”Good wine needs no bush” says the old proverb. Yet trademark is becoming increasingly important nowadays due to the fierce competition in the wine sector, as producers must differentiate and distinguish their brand from competitors.
As in the rest of UE, it is possible both to register a national Hungarian trademark (also through a WIPO international trademark registration), or an EU trademark, which will be valid in all EU Member states.
The following paragraphs briefly describe the Hungarian trademark application process.
Step 1: Decide your trademark. First you need to decide what type of trademark you wish to register. A trademark may consist of any signs, e.g. words, colours, packaging of goods, sounds, etc. In Hungary, wine trademark can typically refer to: 1) name of producer 2) place of production (e.g. silhouette of the hill where it was produced), or 3) a fantasy name.
Step 2: Clearance searches permit the registrant to check if there are any existing registered rights for the same or similar trade marks, covering identical or similar goods or services, all of which could present problems. Clearance searches, therefore, are a great tool to avoid potential trademark infringement and refusal to register a trademark. Research can be carried out either by the applicant or by its legal representative in the national, European or international database. As successful and efficient research activity requires special knowledge and experience, it is advisable to hire an expert.
Step 3: Registration. The trademark application shall be submitted to the Hungarian Intellectual Property Office (HIPO). Once the application is reviewed by the HIPO, there is a 3-day window during which anyone may file an objection, requesting the trademark not to be registered. Any such objection shall be communicated to the applicant and taken into account in the final decision.
Step 4: Registration of the Trademark. If the trademark application meets all the requirements, HIPO shall register the trademark. The date of the ruling on registration shall be the date of registration of the trademark. Application fee for national trademark is usually between HUF 50,000 and HUF 150,000 and shall be paid to the Hungarian Intellectual Property Office.
Geographical Indication (GI)
Geographical indication is the general term for indications used to identify the geographical origin of goods. The Protected designation of origin is the name of an area, a specific place or, in exceptional cases, the name of a country, used as a designation for an agricultural product or a foodstuff. To receive the PDO status, the entire product must be traditionally and entirely manufactured (prepared, processed and produced) within the specific region and thus acquire unique properties (e.g. Tokaj).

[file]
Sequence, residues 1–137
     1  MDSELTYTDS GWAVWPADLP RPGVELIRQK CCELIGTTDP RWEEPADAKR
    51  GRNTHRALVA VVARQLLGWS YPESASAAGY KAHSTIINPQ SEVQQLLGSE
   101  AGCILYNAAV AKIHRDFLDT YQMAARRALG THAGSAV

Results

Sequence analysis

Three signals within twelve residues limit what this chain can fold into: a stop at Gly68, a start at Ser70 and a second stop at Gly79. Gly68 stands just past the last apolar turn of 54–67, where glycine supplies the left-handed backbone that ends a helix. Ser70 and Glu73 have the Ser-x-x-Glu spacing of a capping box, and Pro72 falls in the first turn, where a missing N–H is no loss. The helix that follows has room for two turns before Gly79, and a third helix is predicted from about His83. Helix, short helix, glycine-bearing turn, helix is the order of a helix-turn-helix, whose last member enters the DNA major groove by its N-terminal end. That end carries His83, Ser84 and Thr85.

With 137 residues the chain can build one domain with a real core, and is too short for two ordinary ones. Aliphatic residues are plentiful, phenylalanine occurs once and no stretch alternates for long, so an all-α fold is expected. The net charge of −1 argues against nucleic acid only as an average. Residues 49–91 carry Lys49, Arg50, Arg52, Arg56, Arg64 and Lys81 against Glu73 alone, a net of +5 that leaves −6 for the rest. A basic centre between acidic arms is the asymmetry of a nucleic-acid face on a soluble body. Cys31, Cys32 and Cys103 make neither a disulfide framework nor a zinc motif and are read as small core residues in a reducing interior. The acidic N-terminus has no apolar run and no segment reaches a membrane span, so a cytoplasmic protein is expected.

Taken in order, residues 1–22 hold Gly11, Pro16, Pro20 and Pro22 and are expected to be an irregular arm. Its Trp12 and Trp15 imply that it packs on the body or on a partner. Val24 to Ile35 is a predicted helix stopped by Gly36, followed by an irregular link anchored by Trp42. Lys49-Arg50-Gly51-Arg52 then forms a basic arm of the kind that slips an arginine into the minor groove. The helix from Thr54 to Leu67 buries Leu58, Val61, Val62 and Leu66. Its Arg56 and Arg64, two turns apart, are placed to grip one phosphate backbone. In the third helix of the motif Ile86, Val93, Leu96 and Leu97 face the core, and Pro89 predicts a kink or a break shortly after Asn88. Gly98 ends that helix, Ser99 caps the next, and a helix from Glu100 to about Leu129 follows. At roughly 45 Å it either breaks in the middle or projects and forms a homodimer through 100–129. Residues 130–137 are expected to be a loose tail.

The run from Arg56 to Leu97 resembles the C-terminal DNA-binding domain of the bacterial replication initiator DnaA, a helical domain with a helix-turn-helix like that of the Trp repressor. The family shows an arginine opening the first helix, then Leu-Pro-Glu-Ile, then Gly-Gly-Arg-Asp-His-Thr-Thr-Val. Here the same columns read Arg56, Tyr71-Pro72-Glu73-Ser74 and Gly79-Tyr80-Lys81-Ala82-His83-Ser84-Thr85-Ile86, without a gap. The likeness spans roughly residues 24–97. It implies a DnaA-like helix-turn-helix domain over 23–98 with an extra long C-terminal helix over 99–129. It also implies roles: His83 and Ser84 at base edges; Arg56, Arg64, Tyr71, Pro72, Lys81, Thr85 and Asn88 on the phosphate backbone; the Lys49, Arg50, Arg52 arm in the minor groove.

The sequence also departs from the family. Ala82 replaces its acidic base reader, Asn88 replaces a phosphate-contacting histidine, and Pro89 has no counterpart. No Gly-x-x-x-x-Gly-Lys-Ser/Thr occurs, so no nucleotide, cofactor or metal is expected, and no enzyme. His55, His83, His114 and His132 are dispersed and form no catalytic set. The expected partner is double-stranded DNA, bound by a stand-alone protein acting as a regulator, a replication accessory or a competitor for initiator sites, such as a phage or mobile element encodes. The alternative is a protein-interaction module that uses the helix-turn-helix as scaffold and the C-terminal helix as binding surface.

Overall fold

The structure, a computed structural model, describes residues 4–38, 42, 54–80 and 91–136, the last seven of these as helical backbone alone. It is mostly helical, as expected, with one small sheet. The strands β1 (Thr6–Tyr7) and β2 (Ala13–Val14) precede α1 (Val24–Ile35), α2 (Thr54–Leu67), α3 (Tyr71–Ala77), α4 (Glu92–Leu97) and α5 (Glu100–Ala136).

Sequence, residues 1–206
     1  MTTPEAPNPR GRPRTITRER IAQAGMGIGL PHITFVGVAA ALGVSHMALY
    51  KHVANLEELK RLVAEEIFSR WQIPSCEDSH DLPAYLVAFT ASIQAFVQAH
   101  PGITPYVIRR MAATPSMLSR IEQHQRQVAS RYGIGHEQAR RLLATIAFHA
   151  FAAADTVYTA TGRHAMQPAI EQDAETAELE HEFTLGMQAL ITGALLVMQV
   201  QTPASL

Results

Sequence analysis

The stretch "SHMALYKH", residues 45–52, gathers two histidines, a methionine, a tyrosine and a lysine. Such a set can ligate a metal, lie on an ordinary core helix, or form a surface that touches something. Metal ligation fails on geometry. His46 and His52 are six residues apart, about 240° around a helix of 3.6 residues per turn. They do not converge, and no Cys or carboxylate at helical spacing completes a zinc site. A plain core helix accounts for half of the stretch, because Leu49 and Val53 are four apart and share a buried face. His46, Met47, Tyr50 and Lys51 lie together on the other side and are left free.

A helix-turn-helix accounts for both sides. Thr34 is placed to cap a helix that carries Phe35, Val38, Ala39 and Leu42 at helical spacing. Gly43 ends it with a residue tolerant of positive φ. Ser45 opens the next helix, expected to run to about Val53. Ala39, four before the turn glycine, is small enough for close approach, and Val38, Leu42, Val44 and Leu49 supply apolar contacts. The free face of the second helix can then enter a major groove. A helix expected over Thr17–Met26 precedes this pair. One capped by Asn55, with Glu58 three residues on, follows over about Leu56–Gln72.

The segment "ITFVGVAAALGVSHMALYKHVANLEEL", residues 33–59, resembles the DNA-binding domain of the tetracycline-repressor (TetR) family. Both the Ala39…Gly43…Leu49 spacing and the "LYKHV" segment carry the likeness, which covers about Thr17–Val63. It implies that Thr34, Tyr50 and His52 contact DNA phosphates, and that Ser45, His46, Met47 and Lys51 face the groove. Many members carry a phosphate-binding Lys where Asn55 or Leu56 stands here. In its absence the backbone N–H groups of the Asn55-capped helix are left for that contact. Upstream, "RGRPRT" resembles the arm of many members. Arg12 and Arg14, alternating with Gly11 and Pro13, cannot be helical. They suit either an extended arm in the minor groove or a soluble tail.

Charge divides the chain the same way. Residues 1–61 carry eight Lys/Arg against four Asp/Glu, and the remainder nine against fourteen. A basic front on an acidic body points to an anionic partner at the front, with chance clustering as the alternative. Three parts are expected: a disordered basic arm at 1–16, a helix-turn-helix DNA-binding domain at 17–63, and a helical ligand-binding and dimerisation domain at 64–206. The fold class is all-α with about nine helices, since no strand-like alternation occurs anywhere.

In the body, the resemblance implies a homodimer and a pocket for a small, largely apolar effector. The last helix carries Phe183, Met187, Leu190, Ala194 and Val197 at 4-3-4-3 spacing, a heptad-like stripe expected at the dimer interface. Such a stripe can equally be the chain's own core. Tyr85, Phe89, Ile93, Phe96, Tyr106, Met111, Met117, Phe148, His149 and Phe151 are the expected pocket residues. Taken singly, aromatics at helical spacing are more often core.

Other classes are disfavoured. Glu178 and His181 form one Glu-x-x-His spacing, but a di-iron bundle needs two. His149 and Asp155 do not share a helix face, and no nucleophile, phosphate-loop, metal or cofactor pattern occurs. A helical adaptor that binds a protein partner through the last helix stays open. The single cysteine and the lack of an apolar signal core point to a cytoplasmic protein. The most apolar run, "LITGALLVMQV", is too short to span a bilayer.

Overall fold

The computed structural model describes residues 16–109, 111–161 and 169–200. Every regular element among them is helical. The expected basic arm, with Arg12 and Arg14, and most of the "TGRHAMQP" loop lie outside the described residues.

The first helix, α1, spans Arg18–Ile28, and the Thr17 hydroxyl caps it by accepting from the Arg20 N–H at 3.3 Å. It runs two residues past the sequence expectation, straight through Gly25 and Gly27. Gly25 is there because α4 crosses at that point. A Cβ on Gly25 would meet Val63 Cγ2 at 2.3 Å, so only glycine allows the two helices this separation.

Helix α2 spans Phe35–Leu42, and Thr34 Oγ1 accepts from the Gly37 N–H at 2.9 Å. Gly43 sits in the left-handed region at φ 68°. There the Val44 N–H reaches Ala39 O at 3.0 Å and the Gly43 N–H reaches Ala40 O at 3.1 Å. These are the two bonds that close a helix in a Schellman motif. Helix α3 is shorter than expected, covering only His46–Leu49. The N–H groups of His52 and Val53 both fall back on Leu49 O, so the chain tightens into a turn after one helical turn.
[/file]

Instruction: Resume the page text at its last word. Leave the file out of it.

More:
To receive the PGI status, the entire product must be traditionally and at least partially manufactured (prepared, processed or produced) within the specific region and thus acquire unique properties (e.g. Csabai kolbász). Unlike trademark, geographical indication gives collective rights: all producers within a specific area are entitled to use it for an unlimited period. The fee for submitting an application for GI is HUF 107,000 regardless of the number of product groups included in the application.
Protecting their products is becoming increasingly important for Hungarian wine producers: already in the early 2000s, around 400 wine trademark applications were filed annually.
A great example of geographical indication and trademark protection was the debate between Hungary and Slovakia regarding the Tokaj wine region.
A small northern part of the Tokaj wine region was transferred to Slovakia under the Treaty of Trianon, and therefore Slovakian wine producers considered themselves entitled to use in the E-Bacchus system the ”Tokajská/Tokajské/Tokajský vinohradnícka oblast” Vinohradnícka oblasť Tokaj expression, later replaced by the name ”Vinohradnícka oblasť Tokaj”. The problem with the latter one was the use of the word "Tokaj", which – according to Hungary – could confuse consumers. However, the Court of Justice of the European Union ruled that Slovakia is entitled to use the expression in the E-Bacchus system. However, the pure “Tokaj” designation can still only be used by Hungary.
In Hungary the obligation to classify wine before placing it on the market is prescribed by law. According to the legislation, wine can only be exported from the country if the oenological authority carried out laboratory and organoleptic tests and determined its quality. Thanks to this, wine counterfeiting has now been dramatically reduced in Hungary.